I'm not saying 64-bit itself is a problem; but there's no use for that other than marketing, they're totally forgetting the main purpose of those embedded systems, they want to see them like full computers when they're actually not that -that's why for servers is great, but for a smartphone? And maybe you got the idea wrong, let's stick to the same example: imagine we have 10,000 bytes (10 KiB) of memory, and we have nothing in memory but 1,000 pointers (nothing useful but for illustrating) so while the 16-bit processor would set the pointer size to 2 bytes, those pointers would consume 2/10 KiB while in the 64-bit processor 8/10 KiB would be used for that sole purpose; so you actually get less for your buck.

It is very hard to calculate the amount of pointers needed by running applications and system, but you would find more memory consumption in the same scenario between 32-bit and 64-bit.

I must be missing something. If you use double the memory pointer references moving from 32-bit to 64-bit, so what? The memory address space has way more than doubled. So your still way ahead of the game in terms of how much "more" free memory address space you have using a 64-bit memory address space.
OK, 64 bit CPU on iPhone 5 which has 1 GB RAM (Androids have 2 GB RAM on 32 bit), and no micro sd (Samsung Galaxy S4 has micro sd). Now how much better off are you with freed up memory address space? Flawed logic with 64 bit on a 1 GB RAM phone. If you want more RAM memory, you are better off with an Android, and not the iPhone 5.
 

TheBigFatClown

TS Evangelist
OK, 64 bit CPU on iPhone 5 which has 1 GB RAM (Androids have 2 GB RAM on 32 bit), and no micro sd (Samsung Galaxy S4 has micro sd). Now how much better off are you with freed up memory address space? Flawed logic with 64 bit on a 1 GB RAM phone. If you want more RAM memory, you are better off with an Android, and not the iPhone 5.

Aha, I think I see where everybody is coming from. Your saying that 64-bit is of little value when you have little memory on the device. Yes, I would have no problem agreeing to that. It wouldn't even make sense to use 64-bit memory address space until the device you are using it on has, lets say, double the memory space of what can be achieved with 32-bit memory address space. Maximum 32-bit memory address space is 4GB. So, any cellphone/tablet that touts a minimum memory configuration of at least 8 GB would reap the benefits of 64-bit memory address space. Any cellphone/tablet with less than 8GB of memory would be silly. Can we all agree on that?
 
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OneSpeed

TS Evangelist
OK, 64 bit CPU on iPhone 5 which has 1 GB RAM (Androids have 2 GB RAM on 32 bit), and no micro sd (Samsung Galaxy S4 has micro sd). Now how much better off are you with freed up memory address space? Flawed logic with 64 bit on a 1 GB RAM phone. If you want more RAM memory, you are better off with an Android, and not the iPhone 5.

Aha, I think I see where everybody is coming from. Your saying that 64-bit is of little value when you have little memory on the device. Yes, I would have no problem agreeing to that. It wouldn't even make sense to use 64-bit memory address space until the device you are using it on has, lets say, double the memory space of what can be achieved with 32-bit memory address space. Maximum 32-bit memory address space is 4GB. So, any cellphone/tablet that touts a minimum memory configuration of at least 8 GB would reap the benefits of 64-bit memory address space. Any cellphone/tablet with less than 8GB of memory would be silly. Can we all agree on that?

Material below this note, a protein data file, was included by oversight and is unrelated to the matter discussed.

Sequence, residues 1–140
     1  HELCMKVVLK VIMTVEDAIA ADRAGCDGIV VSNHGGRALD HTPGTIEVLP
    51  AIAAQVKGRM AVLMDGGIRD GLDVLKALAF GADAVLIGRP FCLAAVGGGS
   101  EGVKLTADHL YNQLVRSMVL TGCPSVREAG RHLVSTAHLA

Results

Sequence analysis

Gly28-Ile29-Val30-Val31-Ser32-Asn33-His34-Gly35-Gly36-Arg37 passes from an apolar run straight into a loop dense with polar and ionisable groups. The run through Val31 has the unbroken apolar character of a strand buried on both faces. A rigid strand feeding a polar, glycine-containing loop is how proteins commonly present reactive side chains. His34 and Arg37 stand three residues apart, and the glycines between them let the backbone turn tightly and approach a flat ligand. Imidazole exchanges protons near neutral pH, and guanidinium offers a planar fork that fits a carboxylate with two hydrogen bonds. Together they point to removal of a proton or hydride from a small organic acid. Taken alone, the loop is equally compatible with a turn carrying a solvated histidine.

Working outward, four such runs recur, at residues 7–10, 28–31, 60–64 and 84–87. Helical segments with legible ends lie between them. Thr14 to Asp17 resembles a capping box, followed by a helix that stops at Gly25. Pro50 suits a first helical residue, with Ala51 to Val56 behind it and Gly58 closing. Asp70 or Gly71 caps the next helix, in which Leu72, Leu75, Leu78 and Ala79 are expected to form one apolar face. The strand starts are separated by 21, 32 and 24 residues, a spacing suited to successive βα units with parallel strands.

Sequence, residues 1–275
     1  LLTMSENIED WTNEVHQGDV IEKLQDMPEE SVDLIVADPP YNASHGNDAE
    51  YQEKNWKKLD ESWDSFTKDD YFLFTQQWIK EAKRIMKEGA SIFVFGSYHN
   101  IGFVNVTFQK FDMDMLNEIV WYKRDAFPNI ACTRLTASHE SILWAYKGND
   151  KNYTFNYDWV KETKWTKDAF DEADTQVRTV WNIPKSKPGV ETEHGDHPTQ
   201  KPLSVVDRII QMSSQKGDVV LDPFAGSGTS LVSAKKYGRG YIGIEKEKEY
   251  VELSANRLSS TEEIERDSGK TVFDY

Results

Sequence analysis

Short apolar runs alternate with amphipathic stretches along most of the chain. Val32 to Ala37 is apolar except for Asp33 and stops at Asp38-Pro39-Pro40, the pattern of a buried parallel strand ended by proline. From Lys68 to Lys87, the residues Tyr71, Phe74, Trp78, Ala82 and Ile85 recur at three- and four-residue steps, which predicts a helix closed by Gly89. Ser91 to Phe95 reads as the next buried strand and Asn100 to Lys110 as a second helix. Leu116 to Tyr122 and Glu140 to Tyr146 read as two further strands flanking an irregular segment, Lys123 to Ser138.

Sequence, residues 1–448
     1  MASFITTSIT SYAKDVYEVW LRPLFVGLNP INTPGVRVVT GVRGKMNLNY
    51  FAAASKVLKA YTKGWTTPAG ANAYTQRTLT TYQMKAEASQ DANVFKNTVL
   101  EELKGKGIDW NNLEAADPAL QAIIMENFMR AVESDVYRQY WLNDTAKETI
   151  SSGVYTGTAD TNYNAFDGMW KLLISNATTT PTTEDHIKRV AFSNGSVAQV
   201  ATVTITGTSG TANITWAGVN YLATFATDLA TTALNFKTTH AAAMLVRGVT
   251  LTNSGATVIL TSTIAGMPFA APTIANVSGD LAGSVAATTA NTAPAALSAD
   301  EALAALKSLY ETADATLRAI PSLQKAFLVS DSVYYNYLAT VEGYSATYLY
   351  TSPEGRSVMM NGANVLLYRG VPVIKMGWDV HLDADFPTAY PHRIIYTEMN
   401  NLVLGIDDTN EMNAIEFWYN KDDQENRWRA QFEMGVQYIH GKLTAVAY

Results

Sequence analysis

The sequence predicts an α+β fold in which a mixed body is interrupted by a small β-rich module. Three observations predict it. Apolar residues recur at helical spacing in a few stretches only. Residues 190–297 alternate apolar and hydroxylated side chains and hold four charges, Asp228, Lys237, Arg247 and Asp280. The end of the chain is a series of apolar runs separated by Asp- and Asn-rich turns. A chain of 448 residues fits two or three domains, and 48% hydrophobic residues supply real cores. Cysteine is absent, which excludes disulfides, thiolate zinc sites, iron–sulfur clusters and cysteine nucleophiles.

Peace. I would agree with that, but would say at minimum " more than 4 GB of RAM.
 

EEatGDL

TS Evangelist
Aha, I think I see where everybody is coming from. Your saying that 64-bit is of little value when you have little memory on the device. Yes, I would have no problem agreeing to that. It wouldn't even make sense to use 64-bit memory address space until the device you are using it on has, lets say, double the memory space of what can be achieved with 32-bit memory address space. Maximum 32-bit memory address space is 4GB. So, any cellphone/tablet that touts a minimum memory configuration of at least 8 GB would reap the benefits of 64-bit memory address space. Any cellphone/tablet with less than 8GB of memory would be silly. Can we all agree on that?
I agree on that, that's why I'm saying "right now" is pointless. They're launching with 2GB still not making use of them and to make good use of it, they'll have to at least triple that and who would develop to consume so much in so little time? It would be like having 4GB on a 64-bit computer, when you can actually make a better use of it byte per byte on a 32-bit computer [even if it detects ~3.25GB]; if you're using a 64-bit PC, go at least for 6GB and make sure you can efficiently use multi-core that can process all that data in the worst case scenario.
 

Lionvibez

TS Evangelist
Aha, I think I see where everybody is coming from. Your saying that 64-bit is of little value when you have little memory on the device. Yes, I would have no problem agreeing to that. It wouldn't even make sense to use 64-bit memory address space until the device you are using it on has, lets say, double the memory space of what can be achieved with 32-bit memory address space. Maximum 32-bit memory address space is 4GB. So, any cellphone/tablet that touts a minimum memory configuration of at least 8 GB would reap the benefits of 64-bit memory address space. Any cellphone/tablet with less than 8GB of memory would be silly. Can we all agree on that?
+1

Agreed!
 

Alecks

TS Rookie
I would just like to point out that Android, being Linux-based, can still use the x32 ABI, which was designed specifically with mobile devices in mind. The benefits of 64bit while using less memory.